Muscarinic receptor dysfunction in asthma

Allison Fryer, Richard W. Costello, David Jacoby

Research output: Contribution to journalArticle

6 Citations (Scopus)

Abstract

Increased release of acetylcholine from the parasympathetic nerves may contribute to the hyperresponsiveness characteristic of asthma. Feedback of acetylcholine onto inhibitory M2 muscarinic receptors on the parasympathetic nerves decreases the further release of acetylcholine. Dysfunctions of these neuronal M2 receptors increases the release of acetylcholine and leads to hyperresponsiveness in animals. In antigen-challenged guinea pigs, hyperresponsiveness is entirely mediated by loss of M2 muscarinic receptor function. Loss of M2 receptor function is also associated with hyperresponsiveness in humans with asthma when they are exposed to ozone or have a naturally acquired viral infection. There are several different mechanisms for loss of M2 muscarinic receptor function, including blockade of the receptor by eosinophil major basic protein, decreased affinity of the receptor for agonists, and decreased M2-receptor gene expression. The different mechanisms are described and discussed in the context of asthma and of the various animal models of hyperresponsiveness.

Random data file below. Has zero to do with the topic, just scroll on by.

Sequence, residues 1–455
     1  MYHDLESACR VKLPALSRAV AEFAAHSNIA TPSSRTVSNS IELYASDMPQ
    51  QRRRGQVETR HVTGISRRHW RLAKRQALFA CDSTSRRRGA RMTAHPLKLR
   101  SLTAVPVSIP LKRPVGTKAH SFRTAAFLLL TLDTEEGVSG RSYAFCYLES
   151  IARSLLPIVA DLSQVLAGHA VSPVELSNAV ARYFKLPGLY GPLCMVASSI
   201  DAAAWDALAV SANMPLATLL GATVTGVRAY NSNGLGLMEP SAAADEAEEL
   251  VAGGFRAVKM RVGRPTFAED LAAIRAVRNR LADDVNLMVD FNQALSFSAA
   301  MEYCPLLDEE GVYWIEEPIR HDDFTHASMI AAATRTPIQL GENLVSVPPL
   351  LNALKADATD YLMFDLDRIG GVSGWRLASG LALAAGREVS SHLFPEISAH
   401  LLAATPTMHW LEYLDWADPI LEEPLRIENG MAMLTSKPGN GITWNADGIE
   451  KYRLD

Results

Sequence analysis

Original languageEnglish (US)
Pages (from-to)63-67
Number of pages5
JournalAllergy and Clinical Immunology International
Volume12
Issue number2
StatePublished - 2000
Externally publishedYes

Fingerprint

Muscarinic Receptors
Muscarinic M2 Receptors
Acetylcholine
Asthma
Eosinophil Major Basic Protein
Ozone
Virus Diseases
Guinea Pigs
Animal Models
Gene Expression
Antigens

ASJC Scopus subject areas

  • Immunology and Allergy

Cite this

Muscarinic receptor dysfunction in asthma. / Fryer, Allison; Costello, Richard W.; Jacoby, David.

In: Allergy and Clinical Immunology International, Vol. 12, No. 2, 2000, p. 63-67.

Research output: Contribution to journalArticle

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